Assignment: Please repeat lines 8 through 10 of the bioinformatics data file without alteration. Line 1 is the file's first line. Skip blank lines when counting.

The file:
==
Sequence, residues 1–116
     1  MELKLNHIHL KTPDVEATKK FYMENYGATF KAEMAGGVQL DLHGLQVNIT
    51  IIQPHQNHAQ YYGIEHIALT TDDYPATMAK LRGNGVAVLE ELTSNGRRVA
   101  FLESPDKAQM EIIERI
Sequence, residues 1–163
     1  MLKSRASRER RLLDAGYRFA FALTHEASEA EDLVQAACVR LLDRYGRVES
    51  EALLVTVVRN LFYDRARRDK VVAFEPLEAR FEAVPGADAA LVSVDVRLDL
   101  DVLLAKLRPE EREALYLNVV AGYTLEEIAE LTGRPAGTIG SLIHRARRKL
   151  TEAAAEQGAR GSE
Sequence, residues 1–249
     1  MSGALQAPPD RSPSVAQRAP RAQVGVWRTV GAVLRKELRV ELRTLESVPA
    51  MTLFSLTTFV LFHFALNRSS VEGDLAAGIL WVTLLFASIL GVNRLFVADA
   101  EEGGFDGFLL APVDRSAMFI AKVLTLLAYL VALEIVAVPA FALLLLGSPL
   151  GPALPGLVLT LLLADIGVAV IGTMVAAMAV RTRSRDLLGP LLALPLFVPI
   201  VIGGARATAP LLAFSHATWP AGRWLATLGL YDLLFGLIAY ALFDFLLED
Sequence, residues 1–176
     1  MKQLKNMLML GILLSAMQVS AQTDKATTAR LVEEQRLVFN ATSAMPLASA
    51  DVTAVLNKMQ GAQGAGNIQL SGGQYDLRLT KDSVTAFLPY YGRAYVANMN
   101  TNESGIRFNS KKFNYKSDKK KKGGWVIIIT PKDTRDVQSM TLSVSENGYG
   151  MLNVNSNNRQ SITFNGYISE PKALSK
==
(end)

   101  DVLLAKLRPE EREALYLNVV AGYTLEEIAE LTGRPAGTIG SLIHRARRKL
   151  TEAAAEQGAR GSE
Sequence, residues 1–249